Now that SNORT is installed, create the MySQL data source and configure it for use. For example, if your MySQL server is on the same host as SNORT, you can just run mysqladmin create snort. Then, create the data structure for this database using the import script included in the SNORT tarball. While in the SNORT source directory, type mysql snort<./schemas/create_mysql.
Next, grant access to this database to a SNORT user. Enter the MySQL console and enter the following:
grant SELECT, INSERT on snort.* 
to snortuser@localhost identified by "h@ckm3";
Then, grant INSERT for the sensor table only:
grant SELECT, INSERT, UPDATE on snort.sensor 
to snortuser@localhost identified by "h@ckm3";
Finally, before starting up SNORT for the first time, become root. Create a logging directory with the command mkdir /var/log/snort, and create the SNORT rule set directory, using mkdir /etc/snort. Change directory into /etc/snort/ and download the latest set of rules from the SNORT web site at http://www.snort.org/dl/rules/. Untarring the package creates all of the rules in the directory /etc/snort/rules/. Move all of the files in /etc/snort/rules/ to /etc/snort as follows:
# cd /etc/snort/rules
# mv * ../
# rmdir rules
The rules tarball also includes an updated snort.conf file, located in the /etc/snort directory. Copy that file to your system’s /etc directory and open it with your favorite text editor.
In snort.conf, you can setup specific internal and external networks (or devices) and other host-types for SNORT to include in its sniffing. Find the variable declaration for RULE_PATH and set the path to /etc/snort/rules. If you’re running IIS on your network for some reason, find the iis_unicode_map preprocessor declaration and set the path for the unicode.map file to /etc/snort/unicode.map. Otherwise, you can comment out that preprocessor reference completely.
Next, set the path for classification.config to /etc/snort/classification.config and set reference.config to /etc/snort/reference.config. For now, leave everything else as-is and only configure the output plug-in for MySQL. Scroll down to the “output database” examples and enter the following line[( broken across two lines here for print)]:
output database: log, mysql, user=snortuser 
password=h@ckm3 dbname=snort host=localhost
Further down in snort.conf is where you define the various SNORT rule sets. Included in the source package are a number of default rule sets, in addition to advanced rules that you can customize for your environment. As you will see, the SNORT rule sets are also a good way to measure how much traffic on your network is dedicated to P2P, chat, and even adult-content. Combined with the ACID interface, SNORT can give you extreme business intelligence on how your network is being used, in addition to pointing out exploits. Customizing these rule sets is out of the scope of this article, but the SNORT web site offers extensive information.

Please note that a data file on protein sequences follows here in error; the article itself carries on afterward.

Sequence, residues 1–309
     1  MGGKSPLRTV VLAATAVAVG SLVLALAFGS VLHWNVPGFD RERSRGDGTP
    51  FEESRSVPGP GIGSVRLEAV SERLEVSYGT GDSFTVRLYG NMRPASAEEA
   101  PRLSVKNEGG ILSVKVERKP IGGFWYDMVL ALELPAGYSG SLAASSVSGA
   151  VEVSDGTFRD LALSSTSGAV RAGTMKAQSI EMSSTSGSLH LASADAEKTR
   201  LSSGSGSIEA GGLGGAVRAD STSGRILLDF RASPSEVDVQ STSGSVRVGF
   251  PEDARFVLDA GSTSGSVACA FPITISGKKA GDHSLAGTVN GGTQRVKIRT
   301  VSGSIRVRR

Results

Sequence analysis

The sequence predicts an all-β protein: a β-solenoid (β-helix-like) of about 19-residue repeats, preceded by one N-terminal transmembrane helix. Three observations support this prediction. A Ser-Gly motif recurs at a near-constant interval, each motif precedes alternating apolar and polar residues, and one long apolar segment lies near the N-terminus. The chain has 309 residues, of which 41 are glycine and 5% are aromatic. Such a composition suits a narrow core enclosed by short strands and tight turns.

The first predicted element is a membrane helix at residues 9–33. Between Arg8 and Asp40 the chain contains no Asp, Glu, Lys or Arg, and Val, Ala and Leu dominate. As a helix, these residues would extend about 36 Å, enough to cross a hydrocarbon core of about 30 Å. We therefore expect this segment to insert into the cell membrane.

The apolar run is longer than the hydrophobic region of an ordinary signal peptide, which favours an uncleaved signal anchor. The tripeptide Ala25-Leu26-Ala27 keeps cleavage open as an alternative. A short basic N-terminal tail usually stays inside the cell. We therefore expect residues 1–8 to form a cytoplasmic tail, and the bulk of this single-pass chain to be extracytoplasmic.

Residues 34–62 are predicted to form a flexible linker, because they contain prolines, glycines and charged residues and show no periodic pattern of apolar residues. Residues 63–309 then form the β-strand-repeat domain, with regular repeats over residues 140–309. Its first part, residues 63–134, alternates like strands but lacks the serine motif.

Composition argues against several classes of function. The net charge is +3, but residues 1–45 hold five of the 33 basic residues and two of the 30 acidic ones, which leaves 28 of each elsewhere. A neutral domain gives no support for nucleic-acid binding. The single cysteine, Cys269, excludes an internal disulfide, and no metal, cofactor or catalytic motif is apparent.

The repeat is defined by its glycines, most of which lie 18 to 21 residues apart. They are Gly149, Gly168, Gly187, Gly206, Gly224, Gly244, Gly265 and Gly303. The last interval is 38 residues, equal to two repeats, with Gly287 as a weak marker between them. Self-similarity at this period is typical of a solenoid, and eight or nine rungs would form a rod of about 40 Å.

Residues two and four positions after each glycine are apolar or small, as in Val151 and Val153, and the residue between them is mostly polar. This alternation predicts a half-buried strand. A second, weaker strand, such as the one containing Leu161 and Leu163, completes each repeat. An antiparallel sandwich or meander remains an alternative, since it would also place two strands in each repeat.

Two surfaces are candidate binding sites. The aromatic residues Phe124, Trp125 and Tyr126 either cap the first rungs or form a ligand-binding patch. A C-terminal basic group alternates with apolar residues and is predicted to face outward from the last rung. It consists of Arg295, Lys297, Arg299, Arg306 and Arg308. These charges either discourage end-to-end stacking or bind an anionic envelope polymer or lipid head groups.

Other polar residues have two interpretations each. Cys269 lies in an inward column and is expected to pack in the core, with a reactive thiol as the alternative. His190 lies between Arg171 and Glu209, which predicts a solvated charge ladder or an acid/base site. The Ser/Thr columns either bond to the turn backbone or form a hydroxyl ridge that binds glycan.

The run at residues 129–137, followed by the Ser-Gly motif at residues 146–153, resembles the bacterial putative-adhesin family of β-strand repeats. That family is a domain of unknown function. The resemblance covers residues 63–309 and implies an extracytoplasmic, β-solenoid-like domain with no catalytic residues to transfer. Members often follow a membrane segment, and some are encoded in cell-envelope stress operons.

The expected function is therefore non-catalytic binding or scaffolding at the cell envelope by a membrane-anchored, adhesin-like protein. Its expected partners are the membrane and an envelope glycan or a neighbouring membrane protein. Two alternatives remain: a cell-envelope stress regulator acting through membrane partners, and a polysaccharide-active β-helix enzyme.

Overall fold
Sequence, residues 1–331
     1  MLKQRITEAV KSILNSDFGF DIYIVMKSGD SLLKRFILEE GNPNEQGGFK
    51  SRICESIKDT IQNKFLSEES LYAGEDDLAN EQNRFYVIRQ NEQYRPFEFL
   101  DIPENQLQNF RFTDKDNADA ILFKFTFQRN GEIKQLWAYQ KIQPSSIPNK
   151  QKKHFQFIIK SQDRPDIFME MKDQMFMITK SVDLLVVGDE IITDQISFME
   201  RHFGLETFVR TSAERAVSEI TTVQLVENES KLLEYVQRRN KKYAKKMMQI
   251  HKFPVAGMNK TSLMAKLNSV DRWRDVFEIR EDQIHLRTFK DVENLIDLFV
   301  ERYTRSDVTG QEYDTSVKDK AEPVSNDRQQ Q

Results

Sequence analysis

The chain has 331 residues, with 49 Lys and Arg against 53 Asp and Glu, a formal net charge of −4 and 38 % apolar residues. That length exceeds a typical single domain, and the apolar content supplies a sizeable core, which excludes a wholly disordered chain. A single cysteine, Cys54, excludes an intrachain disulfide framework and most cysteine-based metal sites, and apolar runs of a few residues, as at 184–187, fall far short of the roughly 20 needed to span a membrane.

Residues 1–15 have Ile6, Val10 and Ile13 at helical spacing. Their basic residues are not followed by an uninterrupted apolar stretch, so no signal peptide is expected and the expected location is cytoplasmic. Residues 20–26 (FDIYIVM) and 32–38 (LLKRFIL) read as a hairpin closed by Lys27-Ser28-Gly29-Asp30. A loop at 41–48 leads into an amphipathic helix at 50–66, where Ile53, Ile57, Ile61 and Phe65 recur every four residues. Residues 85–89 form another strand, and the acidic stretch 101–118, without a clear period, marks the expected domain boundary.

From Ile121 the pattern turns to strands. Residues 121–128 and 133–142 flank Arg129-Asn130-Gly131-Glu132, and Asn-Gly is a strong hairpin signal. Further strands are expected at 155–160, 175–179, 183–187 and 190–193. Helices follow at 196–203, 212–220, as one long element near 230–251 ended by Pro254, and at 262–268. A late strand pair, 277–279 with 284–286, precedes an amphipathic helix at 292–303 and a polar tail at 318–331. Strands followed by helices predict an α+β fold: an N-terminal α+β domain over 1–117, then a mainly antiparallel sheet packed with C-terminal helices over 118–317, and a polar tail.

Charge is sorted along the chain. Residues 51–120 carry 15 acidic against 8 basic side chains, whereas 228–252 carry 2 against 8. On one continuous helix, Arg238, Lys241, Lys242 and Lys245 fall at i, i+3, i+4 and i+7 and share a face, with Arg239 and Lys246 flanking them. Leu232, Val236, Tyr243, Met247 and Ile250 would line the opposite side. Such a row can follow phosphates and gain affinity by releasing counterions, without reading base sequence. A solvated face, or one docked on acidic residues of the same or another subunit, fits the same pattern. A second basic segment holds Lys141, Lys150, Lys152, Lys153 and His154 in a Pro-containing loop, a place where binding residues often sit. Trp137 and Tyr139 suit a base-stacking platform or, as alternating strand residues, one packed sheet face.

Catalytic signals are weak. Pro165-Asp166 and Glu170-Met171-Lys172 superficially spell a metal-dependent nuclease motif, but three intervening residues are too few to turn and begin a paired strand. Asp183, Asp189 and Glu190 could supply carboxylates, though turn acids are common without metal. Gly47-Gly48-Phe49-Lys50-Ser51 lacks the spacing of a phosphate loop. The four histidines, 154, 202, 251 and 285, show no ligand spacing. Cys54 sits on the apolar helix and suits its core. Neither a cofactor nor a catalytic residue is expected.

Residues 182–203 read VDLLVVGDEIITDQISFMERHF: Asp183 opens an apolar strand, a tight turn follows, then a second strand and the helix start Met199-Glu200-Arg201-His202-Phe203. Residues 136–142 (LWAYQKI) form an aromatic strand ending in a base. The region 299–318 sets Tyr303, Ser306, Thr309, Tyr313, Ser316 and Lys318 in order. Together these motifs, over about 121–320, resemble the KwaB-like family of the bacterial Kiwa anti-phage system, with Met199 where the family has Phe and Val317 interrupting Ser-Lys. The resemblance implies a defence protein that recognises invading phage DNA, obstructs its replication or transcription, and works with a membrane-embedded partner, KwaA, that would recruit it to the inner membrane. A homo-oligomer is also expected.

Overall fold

Installing ACID

SNORT is a standalone package, but ACID requires the traditional web components. The test machine used for the sample installation ran ran Linux kernel 2.4.20-8, Apache 1.3.28, PHP 5.0.3RC1 (although ACID runs on PHP 4.0.4+), and Mod_SSL 2.8.1501.3.28 supported by OpenSSL 0.9.7a. As ACID can be made accessible over the Internet, it is imperative that you install SSL into Apache.
Before installing ACID, be sure that you also have ADODB 1.2+ (available from http://php.weblogs.com/adodb/), PHPlot 4.4.6+ (available from http://www.phplot.com), JPGraph 1.8+ (available from http://www.aditus.nu/jpgraph/), and GD 1.8.* (available from http://www.boutell.com/gd/).
Download the ACID 0.9.6b23 tarball from http://acidlab.sourceforge.net and verify its MD5 checksum. If the checksum is correct, untar the package to create an acid folder. Copy acid to a directory in your Apache DocumentRoot. For this example, the URL will be https://localhost/acid.
Next, you’ll need to install the MySQL tables necessary for ACID integration with SNORT. Enter the acid directory and type
mysql snort < create_acid_tbls_mysql.sql
ACID requires a number of database permissions ACID to work properly and securely. You should also create a different user for ACID, as its permissions are different than those for the SNORT user. The MySQL grant permissions matrix is available in the README file in the ACID source directory. However, for ease of management you can just run…